Thus, there is a need for improved and very localized or focused heat delivery to phase change material in memory cells.
It is a purpose of the invention to improve heat delivery to phase change material in memory cells;
It is another purpose of the invention to focus heat delivered to phase change material in individual memory cells;
It is yet another purpose of the invention to reduce the power required to deliver sufficient heat to set and reset phase change material in individual memory cells.
The present invention relates to a storage cell, integrated circuit (IC) chip with one or more storage cells that may be in an array of the storage cells and a method of forming the storage cell and IC. Each storage cell includes a stylus, the tip of which is phase change material. The phase change tip may be sandwiched between an electrode and conductive material, e.g., n-type semiconductor. The phase change layer may be a chalcogenide and in particular a germanium (Ge), antimony (Sb), tellurium (Te) or GST alloy.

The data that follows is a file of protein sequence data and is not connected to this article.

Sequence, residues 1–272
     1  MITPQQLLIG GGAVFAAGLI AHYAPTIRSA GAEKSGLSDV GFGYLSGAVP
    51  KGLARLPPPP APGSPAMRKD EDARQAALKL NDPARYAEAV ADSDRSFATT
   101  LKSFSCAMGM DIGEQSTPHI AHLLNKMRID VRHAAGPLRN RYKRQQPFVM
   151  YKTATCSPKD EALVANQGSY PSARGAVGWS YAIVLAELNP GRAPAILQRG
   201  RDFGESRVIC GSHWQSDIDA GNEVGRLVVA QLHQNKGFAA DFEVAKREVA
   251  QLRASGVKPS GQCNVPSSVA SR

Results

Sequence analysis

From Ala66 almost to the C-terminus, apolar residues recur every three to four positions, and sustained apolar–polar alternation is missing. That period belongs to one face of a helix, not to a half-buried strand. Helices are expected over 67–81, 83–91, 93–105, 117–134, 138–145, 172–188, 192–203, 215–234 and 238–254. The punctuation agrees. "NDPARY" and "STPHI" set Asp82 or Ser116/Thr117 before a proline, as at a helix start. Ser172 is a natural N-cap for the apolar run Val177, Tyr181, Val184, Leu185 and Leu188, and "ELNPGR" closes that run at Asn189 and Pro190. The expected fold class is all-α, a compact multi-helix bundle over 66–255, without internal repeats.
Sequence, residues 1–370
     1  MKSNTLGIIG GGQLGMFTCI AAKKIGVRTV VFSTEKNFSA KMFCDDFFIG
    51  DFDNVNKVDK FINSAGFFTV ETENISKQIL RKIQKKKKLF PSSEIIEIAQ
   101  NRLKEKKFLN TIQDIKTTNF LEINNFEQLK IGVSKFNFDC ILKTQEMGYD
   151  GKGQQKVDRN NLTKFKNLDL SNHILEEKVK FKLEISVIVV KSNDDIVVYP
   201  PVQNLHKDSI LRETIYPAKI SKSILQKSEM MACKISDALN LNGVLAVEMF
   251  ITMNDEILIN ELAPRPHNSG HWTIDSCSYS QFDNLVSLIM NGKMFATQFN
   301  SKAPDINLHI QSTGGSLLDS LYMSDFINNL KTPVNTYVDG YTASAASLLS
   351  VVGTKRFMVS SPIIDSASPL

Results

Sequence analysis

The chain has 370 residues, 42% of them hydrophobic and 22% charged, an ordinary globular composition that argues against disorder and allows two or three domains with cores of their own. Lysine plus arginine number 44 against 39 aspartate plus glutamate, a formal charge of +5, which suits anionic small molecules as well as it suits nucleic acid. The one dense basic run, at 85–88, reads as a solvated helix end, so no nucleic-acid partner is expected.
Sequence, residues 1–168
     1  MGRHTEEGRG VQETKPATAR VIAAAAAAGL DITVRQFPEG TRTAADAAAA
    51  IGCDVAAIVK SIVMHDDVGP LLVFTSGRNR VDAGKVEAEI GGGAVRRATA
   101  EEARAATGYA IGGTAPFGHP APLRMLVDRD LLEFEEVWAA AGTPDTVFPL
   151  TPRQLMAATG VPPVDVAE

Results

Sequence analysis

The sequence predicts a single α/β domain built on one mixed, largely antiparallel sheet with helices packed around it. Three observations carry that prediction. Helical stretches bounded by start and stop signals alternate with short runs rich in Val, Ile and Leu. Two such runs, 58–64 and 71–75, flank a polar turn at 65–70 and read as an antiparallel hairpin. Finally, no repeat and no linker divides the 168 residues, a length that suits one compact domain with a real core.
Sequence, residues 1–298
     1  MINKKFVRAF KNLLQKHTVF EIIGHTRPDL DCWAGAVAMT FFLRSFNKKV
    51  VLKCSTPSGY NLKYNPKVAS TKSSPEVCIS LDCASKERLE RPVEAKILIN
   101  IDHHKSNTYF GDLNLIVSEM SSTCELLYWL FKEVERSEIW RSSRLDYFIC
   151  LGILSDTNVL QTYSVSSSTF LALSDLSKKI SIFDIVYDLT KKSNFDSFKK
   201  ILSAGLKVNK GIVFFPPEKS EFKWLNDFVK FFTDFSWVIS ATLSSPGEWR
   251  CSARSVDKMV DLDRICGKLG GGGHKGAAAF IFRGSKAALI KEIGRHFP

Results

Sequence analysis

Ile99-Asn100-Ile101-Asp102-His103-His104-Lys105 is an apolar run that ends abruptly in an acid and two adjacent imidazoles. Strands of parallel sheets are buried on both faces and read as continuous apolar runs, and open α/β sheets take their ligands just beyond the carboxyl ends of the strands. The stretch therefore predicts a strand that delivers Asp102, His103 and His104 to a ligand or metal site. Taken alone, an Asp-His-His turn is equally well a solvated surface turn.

The foregoing and other objects, aspects and advantages will be better understood from the following detailed description of a preferred embodiment of the invention with reference to the drawings, in which:
FIG. I shows a flow diagram for an example of a method of forming a preferred embodiment cross point array of nonvolatile storage devices;
FIGS. 2A-B show an example of a preferred method of forming tip molds for cells and styli with phase change tips;